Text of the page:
Yngwie Malmsteen's track-by-track guide to new album Blue Lightning

Yngwie Malmsteen

Dressed entirely in black, shirt open to the navel, bedecked in jewellery and inscrutable behind mirror shades, Yngwie Malmsteen looks every inch the rock star. 

We're here because the guitarist is doing interviews to promote his new album, Blue Lightning, and we've requested that he tell us about his new album.  

This isn't easy, because Yngwie has loftier concerns. Behind those immovable shades, the eyebrows arch in excitement when he talks about technique, or melody, or classical composition, or harmonic minor mode, and you're left with the impression of a man so devoted to the minutiae of his craft that he'd much rather be thinking about that than having to explain the end results to an endless stream of hacks.

"I've been asked to do a blues album for the last 30 years," says Malmsteen. "And this time I finally said, 'Sure, why not? Let's try it!' I just didn't want to be stuck in the standard, pentatonic, play a 12-bar thing. I didn't want to do that."

Blue Lightning is out today.     

Blue Lightning

"I wrote this song during the sessions for the album, so I guess it's in the vein of the album. It's in a really cool key, because C# has that open E, you know? It's a groove thing, you know? I like it." 

Foxey Lady

"I love that song. I've always loved that song, and I wanted to do a cover of it. Although I don't call it a cover. It's more my interpretation. Or, to be more classical, my variation. It's a variation of Jimi Hendrix."

Demon's Eye

“When I was a kid I got Deep Purple’s Fireball album, which I have always thought was very undervalued. 

"The song that really killed me was Demon’s Eye. And I was very keen to do it for the album. But my style today is not influenced by Ritchie Blackmore. It's very important to remember that!"

1911 Strut

"This is one of my songs. I thought I needed something a little more up-tempo on there, so I threw that one in." 

Blue Jean Blues

"ZZ Top. Fucking amazing. I love them. This was probably one of the first choices I made as far as which songs I was going to put on the album. To me, there was always something very special about this song.

"I want to make one thing very clear. I didn't choose the songs to do on this album because of the guitar player. OK, so Billy Gibbons is great - I love him, he's very genuine - but that wasn't the reason. The reason was because of the song."

Purple Haze

"What can you say? I've done this one since I was a kid, but I put my own thing on there, with arpeggios. I made it a little heavier.

"I first saw Hendrix on television when I was a little kid, but I didn't really hear any music - it was just him smashing up the guitar. That was cool. But the first time I heard him was when someone bought me the Band Of Gypsies album. 

"Before he did what he did, no one else did it. It's important to remember that: he broke down the doors for everybody."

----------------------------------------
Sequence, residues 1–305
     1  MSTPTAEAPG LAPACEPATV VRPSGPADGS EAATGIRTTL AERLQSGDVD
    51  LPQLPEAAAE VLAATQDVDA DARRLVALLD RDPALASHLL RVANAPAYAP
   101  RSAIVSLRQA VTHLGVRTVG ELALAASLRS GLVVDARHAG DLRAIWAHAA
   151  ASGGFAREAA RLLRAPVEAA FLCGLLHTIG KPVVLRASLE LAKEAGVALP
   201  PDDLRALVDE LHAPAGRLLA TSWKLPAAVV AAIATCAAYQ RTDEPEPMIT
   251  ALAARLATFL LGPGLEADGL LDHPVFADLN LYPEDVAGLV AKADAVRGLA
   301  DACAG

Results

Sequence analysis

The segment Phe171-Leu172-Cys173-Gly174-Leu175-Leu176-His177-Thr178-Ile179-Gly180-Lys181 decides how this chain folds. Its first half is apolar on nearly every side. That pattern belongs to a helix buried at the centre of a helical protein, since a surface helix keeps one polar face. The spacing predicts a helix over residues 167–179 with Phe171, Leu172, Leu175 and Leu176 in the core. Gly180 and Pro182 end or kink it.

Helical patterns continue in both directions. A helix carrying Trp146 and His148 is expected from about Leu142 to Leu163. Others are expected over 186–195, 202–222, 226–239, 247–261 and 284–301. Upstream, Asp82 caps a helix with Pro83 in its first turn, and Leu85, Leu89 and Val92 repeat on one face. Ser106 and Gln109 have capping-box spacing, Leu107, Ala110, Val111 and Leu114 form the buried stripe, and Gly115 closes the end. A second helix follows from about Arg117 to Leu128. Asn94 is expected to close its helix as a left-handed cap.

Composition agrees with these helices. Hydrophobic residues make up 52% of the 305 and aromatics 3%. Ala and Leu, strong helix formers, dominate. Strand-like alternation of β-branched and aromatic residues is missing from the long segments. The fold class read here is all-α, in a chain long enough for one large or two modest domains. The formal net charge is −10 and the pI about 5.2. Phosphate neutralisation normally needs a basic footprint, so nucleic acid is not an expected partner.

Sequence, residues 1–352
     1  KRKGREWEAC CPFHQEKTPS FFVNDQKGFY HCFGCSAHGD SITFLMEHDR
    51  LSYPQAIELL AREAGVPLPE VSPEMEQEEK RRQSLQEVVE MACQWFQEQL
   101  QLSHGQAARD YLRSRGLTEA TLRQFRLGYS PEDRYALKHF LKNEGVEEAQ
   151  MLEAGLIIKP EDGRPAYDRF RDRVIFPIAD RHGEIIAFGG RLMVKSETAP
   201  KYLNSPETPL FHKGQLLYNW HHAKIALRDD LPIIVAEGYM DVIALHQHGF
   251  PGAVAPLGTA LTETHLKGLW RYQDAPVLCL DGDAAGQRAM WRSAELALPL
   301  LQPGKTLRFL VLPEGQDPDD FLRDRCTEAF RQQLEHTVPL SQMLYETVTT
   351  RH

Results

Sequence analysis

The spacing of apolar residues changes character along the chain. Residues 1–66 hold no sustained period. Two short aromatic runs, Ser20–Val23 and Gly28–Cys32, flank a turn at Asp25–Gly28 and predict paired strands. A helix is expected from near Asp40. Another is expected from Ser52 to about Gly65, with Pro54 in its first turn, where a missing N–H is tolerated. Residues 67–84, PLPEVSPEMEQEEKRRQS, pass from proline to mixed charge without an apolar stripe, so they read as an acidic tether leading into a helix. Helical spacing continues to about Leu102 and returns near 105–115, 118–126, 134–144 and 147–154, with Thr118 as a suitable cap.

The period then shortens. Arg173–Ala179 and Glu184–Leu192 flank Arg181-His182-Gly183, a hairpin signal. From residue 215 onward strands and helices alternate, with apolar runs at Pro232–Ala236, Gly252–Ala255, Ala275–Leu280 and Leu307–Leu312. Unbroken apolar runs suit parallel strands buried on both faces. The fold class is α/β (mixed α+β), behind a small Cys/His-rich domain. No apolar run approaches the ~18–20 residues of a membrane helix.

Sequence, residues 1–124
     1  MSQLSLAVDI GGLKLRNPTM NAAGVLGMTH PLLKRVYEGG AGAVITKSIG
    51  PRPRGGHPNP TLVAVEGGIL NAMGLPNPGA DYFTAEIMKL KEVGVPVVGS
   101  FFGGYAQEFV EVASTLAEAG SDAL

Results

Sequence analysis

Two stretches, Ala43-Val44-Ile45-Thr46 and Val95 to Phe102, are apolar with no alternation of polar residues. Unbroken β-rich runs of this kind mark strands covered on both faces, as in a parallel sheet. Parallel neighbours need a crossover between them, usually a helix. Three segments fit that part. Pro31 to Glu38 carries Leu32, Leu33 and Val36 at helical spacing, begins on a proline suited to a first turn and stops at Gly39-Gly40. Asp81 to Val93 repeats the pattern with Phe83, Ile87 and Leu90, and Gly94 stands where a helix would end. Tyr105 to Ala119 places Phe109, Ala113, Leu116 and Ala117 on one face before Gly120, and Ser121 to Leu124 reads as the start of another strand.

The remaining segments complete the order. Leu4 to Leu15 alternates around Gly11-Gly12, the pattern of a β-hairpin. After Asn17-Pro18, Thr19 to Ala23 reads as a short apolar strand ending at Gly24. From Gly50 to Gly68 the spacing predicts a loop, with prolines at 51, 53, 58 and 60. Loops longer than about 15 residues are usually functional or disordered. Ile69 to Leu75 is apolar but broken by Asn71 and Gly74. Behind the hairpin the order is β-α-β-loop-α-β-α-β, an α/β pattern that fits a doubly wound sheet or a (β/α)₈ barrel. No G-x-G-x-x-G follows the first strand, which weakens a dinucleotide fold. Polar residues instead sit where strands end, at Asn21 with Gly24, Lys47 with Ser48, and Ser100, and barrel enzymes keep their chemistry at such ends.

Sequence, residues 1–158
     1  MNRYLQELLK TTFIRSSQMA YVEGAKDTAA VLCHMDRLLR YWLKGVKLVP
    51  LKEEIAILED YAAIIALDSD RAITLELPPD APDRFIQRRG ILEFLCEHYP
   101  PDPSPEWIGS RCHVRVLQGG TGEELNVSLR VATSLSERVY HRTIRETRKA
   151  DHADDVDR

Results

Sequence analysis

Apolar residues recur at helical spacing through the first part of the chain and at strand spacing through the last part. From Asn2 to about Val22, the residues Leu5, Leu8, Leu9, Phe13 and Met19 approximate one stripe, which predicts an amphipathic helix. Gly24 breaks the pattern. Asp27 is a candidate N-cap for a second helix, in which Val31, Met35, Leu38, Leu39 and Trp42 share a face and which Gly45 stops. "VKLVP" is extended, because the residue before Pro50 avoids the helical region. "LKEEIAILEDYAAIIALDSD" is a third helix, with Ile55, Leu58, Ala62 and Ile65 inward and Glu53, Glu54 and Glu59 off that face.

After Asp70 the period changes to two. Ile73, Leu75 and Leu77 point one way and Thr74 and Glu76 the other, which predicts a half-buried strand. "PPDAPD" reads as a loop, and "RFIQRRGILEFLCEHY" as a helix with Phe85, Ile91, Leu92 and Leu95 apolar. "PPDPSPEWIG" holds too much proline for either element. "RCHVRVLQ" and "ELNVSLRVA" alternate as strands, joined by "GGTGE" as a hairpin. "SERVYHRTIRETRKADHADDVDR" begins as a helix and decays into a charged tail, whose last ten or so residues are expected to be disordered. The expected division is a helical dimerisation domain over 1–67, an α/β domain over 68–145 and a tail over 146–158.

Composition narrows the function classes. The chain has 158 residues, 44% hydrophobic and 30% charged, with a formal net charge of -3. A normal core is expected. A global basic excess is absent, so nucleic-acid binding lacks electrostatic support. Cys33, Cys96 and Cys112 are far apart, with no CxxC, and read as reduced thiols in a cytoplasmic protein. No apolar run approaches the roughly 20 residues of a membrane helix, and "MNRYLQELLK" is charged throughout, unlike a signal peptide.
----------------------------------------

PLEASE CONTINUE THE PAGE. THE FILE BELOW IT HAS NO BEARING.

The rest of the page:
While My Guitar Gently Weeps

"I've always loved this song, but never played it. And so I wanted to hear what it came out like, because it's got some some interesting chord progressions. So I listened to a Latin version, I listened to the George Harrison version, I listened to a few different versions, and I just put down the backing track and went for it.

"Like everyone else in the world, I think The Beatles are great. I wouldn't say I was an active listener, but every time I hear them I think, yeah, they're great"

Sun’s Up Top’s Down

"That's my song. It's an original blues, if you can call it that. It's deliberately very traditional, and the lyrics are about me cruising around Miami in my Ferraris." 

Peace, Please

"This track is completely my kind of music. I also wrote this during this session. I wondered if it should even be on the album, because if you listen to it closely it doesn't have any blues feeling at all.

"But then I thought, "Fuck it. I like it. It's good." 

Paint It Black

"Another song I'd always loved but had never played or sung. I didn't even know what key it was in. I studied several versions of the song, including live versions. 

"It's really interesting, because it's a song that is written in harmonic minor mode, which is my thing, so I just got to go crazy on it." 

Smoke On The Water

"I called this Rauch Auf Dem Wasser throughout the sessions. What can I say? It's just something I wanted to do. I've been doing it live for a long time. 

"The first album I ever had was Deep Purple's Fireball, when I was just eight years old. By the time I was ten I could play Made In Japan inside-out, upside-fucking-down. Every single note.

"And this resulted in me becoming a fan of Selling England By The Pound by Genesis, and then Emerson Lake and Palmer, then classical - Vivaldi, Bach - and eventually Paganini. I said, 'Enough of the Pentatonic blues stuff. I'm going in this direction!'"

Forever Man

"A song I heard a lot of TV and radio in the 80s. It was another one I really liked but never played or sang, but I really wanted to do it. 

"I checked out some live versions on YouTube first. I really like the song, and I had a good time doing it."

Fraser Lewry

Online Editor at Louder/Classic Rock magazine since 2014. 38 years in music industry, online for 25. Also bylines for: Metal Hammer, Prog Magazine, The Word Magazine, The Guardian, The New Statesman, Saga, Music365. Former Head of Music at Xfm Radio, A&R at Fiction Records, early blogger, ex-roadie, published author. Once appeared in a Cure video dressed as a cowboy, and thinks any situation can be improved by the introduction of cats. Favourite Serbian trumpeter: Dejan Petrović.